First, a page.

Gao et al. [
31] proposed a hybrid trust assessment scheme that combines the direct and the recommendation trust to evaluate the integrated trust of a vehicle relying on historical information regarding interactions among different vehicles. Moreover, Bayesian inference has also been employed while computing the direct trust and penalties have been imposed dynamically. In addition, the notion of a sliding time window has also been introduced while computing the trust values. While computing the integrated trust score, a weighted average of the direct trust and the recommendation trust is calculated. However, the weights utilized remain unexplained which influences the quantification of the final trust value. Furthermore, the applicationspecific reliability and the related trust trends have not been discussed. Similarly, Zhang et al. [
32] also introduced blockchain to assess the reliability of the information exchanged among vehicles, identify dishonest vehicles disseminating malicious information and subsequently impose penalties that negatively impact the reputation of such vehicles. However, the quantification and the decision on the values of the weights defined for computing the credibility of the data, penalty, reward, and the influence on the reputation score, etc., remain unexplained. Furthermore, the authors did not discuss the timebased trends of the credibility of the information dispersed by vehicles.
Ahmad et al. [
33] presented a multistep hybrid trust evaluation framework that evaluates the credibility of the sender prior to the reliability of the information disseminated by that vehicle provided that the particular vehicle is identified as trustworthy. Several parameters have been defined to perform the aforementioned evaluations, e.g., the antenna heights of both the trustor and the trustee, the distance among them, the quality of information, roledependent trust and the effective distance. However, the quantification of the predefined values for most of these parameters, the penalty and reward factors, along with the timebased variations in the evaluations have not been discussed by the authors. Similarly, Zhang et al. [
34] presented an attackresistant trust evaluation model that computes the vehicles’ local trust by employing Bayesian inference prior to evaluating the global trust of the same vehicles utilizing the TrustRank algorithm. Moreover, parameters related to the behavior of the vehicle’s driver and the vehicle itself are taken into account while computing the abovementioned trust scores. The quantification of the parameters and those of the associated weights have been discussed in detail. However, the authors employed Bayesian inference which relies heavily on prior probabilities and as opposed to machine learning based pattern recognition, it is able to utilize casual influences only identified by the developer.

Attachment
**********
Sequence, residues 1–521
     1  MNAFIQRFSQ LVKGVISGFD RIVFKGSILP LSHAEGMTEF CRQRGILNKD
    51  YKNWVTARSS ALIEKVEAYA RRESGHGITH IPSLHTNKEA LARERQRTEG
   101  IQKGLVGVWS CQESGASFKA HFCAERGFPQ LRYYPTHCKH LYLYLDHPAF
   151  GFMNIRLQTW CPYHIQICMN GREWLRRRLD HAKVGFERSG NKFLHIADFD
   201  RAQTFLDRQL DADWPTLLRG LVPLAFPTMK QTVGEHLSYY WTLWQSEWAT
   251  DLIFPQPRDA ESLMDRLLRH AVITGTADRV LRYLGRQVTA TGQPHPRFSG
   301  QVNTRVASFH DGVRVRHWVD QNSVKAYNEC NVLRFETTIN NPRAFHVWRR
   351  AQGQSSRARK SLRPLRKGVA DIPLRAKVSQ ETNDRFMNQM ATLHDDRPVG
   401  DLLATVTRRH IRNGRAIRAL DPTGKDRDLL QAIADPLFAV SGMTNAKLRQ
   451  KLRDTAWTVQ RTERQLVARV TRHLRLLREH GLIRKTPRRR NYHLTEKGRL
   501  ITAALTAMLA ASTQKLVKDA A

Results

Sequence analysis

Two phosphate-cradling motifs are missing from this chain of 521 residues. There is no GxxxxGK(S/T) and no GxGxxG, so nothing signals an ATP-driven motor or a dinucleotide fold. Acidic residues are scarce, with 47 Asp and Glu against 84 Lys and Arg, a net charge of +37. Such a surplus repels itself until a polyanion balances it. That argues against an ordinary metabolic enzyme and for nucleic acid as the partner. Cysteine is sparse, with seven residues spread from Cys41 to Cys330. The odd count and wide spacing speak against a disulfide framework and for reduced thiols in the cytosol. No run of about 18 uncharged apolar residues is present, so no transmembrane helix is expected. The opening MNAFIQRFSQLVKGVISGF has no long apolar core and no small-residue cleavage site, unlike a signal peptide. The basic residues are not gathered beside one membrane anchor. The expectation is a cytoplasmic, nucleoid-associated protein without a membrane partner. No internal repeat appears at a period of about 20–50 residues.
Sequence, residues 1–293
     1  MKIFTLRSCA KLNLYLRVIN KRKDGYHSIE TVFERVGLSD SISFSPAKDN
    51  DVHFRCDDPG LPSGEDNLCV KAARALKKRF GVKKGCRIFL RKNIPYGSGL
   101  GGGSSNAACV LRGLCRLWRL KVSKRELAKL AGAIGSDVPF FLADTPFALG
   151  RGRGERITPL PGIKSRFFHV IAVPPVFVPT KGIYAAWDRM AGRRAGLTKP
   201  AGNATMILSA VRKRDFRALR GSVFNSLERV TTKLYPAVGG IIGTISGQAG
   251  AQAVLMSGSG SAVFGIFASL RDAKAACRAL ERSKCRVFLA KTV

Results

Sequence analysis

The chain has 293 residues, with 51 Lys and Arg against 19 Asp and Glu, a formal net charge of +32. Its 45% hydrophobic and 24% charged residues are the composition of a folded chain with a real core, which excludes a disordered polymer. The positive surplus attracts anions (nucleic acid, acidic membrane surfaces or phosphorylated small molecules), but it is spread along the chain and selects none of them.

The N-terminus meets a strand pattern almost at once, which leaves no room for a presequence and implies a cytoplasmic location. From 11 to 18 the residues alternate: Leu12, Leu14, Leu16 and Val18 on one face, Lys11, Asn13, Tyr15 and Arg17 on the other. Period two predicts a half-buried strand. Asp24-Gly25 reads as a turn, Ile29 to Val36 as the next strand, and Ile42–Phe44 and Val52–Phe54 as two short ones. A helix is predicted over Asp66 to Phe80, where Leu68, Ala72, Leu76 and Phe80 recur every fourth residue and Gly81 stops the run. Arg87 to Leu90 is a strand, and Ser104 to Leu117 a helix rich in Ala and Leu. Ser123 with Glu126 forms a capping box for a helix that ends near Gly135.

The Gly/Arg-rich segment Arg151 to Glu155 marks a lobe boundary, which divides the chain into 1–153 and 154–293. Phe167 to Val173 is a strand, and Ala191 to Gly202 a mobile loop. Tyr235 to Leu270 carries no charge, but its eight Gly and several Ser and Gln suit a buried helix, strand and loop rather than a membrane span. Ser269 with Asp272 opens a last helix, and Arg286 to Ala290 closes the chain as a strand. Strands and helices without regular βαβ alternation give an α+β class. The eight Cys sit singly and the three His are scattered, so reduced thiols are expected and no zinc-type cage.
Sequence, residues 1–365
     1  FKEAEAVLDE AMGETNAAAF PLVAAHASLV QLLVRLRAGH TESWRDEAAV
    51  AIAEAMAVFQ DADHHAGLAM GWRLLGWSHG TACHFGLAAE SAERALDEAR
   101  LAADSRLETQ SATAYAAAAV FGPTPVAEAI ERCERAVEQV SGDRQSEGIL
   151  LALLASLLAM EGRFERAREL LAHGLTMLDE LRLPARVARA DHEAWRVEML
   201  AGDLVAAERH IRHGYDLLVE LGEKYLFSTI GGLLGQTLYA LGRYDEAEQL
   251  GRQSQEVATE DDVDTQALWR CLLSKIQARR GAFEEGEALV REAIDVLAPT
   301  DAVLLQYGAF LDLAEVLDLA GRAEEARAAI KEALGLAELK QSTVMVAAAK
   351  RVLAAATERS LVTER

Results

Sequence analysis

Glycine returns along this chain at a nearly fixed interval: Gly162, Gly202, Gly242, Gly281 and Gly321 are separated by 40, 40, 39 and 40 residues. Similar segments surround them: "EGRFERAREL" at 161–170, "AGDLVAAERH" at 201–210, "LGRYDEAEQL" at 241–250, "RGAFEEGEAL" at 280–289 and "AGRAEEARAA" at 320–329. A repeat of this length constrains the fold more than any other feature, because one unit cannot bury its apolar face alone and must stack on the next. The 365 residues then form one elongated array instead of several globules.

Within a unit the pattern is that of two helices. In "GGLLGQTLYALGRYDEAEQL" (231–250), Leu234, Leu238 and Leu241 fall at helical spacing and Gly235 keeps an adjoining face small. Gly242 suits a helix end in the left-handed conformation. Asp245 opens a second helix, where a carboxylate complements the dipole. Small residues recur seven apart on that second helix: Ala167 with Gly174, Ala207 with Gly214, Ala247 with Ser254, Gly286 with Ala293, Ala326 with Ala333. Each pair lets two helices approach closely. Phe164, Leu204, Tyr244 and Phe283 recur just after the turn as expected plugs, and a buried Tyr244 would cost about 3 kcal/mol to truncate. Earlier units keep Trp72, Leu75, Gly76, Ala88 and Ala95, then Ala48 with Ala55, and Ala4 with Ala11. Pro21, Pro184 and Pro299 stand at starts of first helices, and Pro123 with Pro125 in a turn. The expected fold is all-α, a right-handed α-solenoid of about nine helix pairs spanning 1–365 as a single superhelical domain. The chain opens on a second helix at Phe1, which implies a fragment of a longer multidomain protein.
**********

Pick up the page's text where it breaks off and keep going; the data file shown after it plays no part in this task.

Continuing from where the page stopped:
Tahani et al. [
35] suggested a trust assessment scheme relying on blockchain technology that takes into consideration only the reliability of the events to calculate the pairwise local trust among vehicles. Once local trusts from all monitoring vehicles have been computed, the global trust for each vehicle is computed by aggregating the initial trust and the sum of all local trusts assigned to a particle vehicle prior to averaging it out. The authors did not discuss the quantification of the increment value associated with the local trust and while taking the average for global trust, all individual local trusts evaluated by all monitors have been assigned equal weights. Similarly, Muhsen et al. [
36] proposed a fuzzy logic driven trust evaluation framework that takes into account the neighbor recommendations, direct trust and the message accuracy as parameters to compute trust scores. For recommendations, opinions of both neighboring vehicles and the neighboring roadside units (RSUs) are considered, whereas for direct trust, historical interactions among the particular RSU and the vehicle being evaluated are taken. The message reliability is evaluated by the RSU on the basis of the events reported by trustworthy vehicles. However, the work lacks discussion on how the trust evaluations by neighboring vehicles and the direct trust by RSUs are quantified. Moreover, the quantification of threshold for the number of interactions for referees and the weight for individual transactions is not addressed. Furthermore, the RSU is responsible for performing all trust evaluations and verification of events, this builds a centralized architecture which is not practical as if the RSU fails, the individual vehicles will not be able to evaluate the reliability of peer vehicles.